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Kaine comes out swinging

U.S. Senator challenges GOP vice presidential contender over Donald Trump’s record

Free Press wire reports | 10/7/2016, 6:34 p.m.
Democratic vice presidential candidate Tim Kaine aggressively challenged Republican candidate Mike Pence over a long list of Donald Trump’s controversial ...
Sen. Tim Kaine, the Democratic vice presidential nominee, makes a point during the debate Tuesday with Republican nominee Mike Pence of Indiana at Longwood University in Farmville. Andrew Gombert/Pool/Reuters

Democratic vice presidential candidate Tim Kaine aggressively challenged Republican candidate Mike Pence over a long list of Donald Trump’s controversial positions and statements Tuesday night, drawing a vigorous defense of Mr. Trump’s tax history.

But Gov. Pence sidestepped criticism of Mr. Trump’s demeaning comments about women, his public doubting of President Obama’s citizenship and broader questions about his temperament.

The encounter between Gov. Pence of Indiana and U.S. Sen. Kaine of Virginia, who is the No. 2 to Democratic presidential nominee Hillary Clinton, was the only such debate between the vice presidential contenders before the Nov. 8 election, and the two spent most of their time attacking each other’s running mates.

For more than 90 minutes at Longwood University in Farmville, neither Gov. Pence nor Sen. Kaine appeared to deliver a knockout punch.

Gov. Pence sought to project an image as a reassuring presence, in contrast with the bombastic Mr. Trump, while Sen. Kaine tried to frighten voters away from Mr. Trump and make Mrs. Clinton seem more trustworthy.

A CNN/ORC snap poll declared Gov. Pence the winner with 48 percent support, compared with 42 percent for Sen. Kaine, who frequently interrupted his opponent.

Mr. Trump watched the debate from Las Vegas and in an unusual move, live tweeted during the debate and said he was pleased by his running mate’s performance.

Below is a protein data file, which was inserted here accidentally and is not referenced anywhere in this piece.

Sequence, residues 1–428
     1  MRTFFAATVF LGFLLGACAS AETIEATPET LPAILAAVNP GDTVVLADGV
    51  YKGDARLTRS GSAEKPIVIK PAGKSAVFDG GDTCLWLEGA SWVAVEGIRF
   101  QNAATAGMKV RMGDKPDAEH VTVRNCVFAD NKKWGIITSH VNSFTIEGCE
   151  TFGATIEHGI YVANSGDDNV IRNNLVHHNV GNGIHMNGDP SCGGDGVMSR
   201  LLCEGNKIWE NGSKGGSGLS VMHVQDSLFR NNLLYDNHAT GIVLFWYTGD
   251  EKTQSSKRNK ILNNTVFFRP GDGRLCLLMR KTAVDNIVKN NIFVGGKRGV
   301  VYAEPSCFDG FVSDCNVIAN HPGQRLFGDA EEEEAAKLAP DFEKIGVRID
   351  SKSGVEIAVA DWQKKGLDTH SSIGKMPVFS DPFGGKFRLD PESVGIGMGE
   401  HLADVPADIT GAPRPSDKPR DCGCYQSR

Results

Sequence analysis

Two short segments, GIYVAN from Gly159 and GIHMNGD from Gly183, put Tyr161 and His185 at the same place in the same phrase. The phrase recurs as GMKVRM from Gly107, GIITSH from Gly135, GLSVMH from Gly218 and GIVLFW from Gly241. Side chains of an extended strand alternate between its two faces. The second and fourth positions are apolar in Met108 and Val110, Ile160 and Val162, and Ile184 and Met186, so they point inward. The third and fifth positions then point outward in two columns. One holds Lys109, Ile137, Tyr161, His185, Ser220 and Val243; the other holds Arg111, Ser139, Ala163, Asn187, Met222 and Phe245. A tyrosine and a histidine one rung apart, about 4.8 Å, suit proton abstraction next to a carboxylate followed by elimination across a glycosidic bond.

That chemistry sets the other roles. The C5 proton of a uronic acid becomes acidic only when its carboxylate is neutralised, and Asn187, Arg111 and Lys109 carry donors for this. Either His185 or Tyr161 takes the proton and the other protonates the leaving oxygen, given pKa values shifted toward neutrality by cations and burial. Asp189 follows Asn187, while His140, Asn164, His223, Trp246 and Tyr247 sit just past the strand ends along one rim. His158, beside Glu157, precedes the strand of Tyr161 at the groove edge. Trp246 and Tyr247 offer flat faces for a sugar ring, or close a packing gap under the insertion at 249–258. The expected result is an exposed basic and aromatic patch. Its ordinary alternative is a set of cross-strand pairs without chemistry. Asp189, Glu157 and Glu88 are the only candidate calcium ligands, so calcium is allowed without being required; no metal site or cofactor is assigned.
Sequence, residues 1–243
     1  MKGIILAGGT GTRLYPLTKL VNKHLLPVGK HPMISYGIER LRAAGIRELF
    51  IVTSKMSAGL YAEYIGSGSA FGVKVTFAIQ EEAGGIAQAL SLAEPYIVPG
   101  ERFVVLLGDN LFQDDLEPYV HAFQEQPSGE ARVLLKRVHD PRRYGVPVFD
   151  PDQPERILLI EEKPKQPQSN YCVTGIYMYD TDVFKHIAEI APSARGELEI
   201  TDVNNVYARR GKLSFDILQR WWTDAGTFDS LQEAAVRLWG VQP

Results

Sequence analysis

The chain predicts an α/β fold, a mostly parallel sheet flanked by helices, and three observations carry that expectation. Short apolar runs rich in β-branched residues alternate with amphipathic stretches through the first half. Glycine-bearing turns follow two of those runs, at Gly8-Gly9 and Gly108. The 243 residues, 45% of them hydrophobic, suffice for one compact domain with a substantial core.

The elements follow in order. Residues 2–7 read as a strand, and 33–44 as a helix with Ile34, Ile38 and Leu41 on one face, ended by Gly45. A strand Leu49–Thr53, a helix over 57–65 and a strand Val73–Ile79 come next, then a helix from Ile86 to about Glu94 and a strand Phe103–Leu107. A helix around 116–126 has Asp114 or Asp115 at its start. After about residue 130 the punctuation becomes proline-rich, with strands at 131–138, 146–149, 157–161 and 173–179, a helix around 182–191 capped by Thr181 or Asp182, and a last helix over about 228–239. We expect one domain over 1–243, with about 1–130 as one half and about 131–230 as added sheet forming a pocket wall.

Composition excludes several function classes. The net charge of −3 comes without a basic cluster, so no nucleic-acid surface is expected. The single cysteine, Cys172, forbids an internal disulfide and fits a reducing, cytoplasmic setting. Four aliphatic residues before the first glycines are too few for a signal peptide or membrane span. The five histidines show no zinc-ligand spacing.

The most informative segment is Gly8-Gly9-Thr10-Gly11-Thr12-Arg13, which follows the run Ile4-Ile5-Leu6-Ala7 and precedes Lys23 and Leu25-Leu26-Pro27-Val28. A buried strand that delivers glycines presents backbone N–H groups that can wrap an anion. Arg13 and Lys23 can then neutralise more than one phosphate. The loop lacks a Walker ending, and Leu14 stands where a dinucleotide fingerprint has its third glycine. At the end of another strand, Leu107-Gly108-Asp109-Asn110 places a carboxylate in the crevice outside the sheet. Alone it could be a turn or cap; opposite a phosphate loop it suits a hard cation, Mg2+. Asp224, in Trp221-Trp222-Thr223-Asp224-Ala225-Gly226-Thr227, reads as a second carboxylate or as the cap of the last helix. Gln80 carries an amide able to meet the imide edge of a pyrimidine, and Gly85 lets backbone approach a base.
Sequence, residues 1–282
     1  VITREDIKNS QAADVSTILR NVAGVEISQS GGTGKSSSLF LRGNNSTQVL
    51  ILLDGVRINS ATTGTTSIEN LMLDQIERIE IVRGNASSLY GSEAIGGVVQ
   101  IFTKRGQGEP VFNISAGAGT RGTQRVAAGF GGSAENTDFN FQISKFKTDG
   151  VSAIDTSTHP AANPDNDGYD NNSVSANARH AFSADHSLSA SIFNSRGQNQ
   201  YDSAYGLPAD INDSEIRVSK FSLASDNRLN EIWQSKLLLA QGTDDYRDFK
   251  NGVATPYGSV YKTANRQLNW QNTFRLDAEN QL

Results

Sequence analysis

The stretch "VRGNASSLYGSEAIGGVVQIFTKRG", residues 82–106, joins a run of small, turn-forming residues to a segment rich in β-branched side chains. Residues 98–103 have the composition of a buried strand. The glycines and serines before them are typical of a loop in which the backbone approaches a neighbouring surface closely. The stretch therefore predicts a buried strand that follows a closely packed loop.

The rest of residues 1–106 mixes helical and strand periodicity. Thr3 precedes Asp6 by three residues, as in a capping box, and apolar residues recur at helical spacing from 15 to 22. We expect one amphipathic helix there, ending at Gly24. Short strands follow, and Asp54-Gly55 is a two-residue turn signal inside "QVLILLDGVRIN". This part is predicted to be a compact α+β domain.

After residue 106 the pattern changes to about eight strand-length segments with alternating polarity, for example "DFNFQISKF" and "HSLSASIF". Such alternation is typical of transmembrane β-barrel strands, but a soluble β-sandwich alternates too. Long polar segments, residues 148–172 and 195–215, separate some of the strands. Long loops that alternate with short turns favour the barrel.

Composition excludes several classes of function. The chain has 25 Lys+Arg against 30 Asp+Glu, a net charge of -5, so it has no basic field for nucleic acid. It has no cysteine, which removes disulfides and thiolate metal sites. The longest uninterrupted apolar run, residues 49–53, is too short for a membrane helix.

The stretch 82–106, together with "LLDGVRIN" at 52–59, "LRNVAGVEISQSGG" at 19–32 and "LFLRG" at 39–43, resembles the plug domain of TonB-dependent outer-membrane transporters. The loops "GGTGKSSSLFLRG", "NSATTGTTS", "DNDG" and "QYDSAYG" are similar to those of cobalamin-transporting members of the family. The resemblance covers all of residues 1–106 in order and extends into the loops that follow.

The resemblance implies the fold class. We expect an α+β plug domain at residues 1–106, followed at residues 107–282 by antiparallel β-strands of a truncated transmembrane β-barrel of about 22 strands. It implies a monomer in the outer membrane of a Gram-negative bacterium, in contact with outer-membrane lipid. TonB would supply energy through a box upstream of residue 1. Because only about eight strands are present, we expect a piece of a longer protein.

“Mike Pence won big. We should all be proud of Mike!” Mr. Trump said.

The encounter set the table for a second presidential debate looming on Sunday, Oct. 9, at Washington University in St. Louis between Mrs. Clinton and Mr. Trump, who needs to rebound from a rocky performance from his first debate, one that gave Mrs. Clinton a boost in national opinion polls with Election Day only five weeks away.

Bickering Tuesday night between Sen. Kaine and Gov. Pence was so intense that they frequently talked over each other. Sen. Kaine was seen by television commentators as being over-prepared and over-eager as he circled back to Mr. Trump’s refusal to release his tax records at almost every opportunity.

Sen. Kaine called the Republican presidential nominee a danger to U.S. national security and someone who denigrates women and minorities and appears to pay little in federal taxes.

Sen. Kaine drew Gov. Pence’s ire by hearkening back to a remark from former Republican President Ronald Reagan that “some fool or maniac” with a nuclear weapon could trigger a catastrophic event.

“And I think that’s who Gov. Pence’s running mate is,” Sen. Kaine said.

Gov. Pence shot back: “Senator, senator, that was even beneath you and Hillary Clinton and that’s pretty low.”

Sen. Kaine repeatedly sought to persuade Gov. Pence to defend Mr. Trump’s positions, but Gov. Pence steadfastly refused to take the bait.

One of Sen. Kaine’s most aggressive lines of attack was over Mr. Trump’s refusal to release his tax records, a decision that breaks with the practice of all other presidential nominees in modern history.

The New York Times reported last weekend that Mr. Trump had taken a $916 million tax loss in 1995 and may have avoided paying federal taxes for 18 years because of it.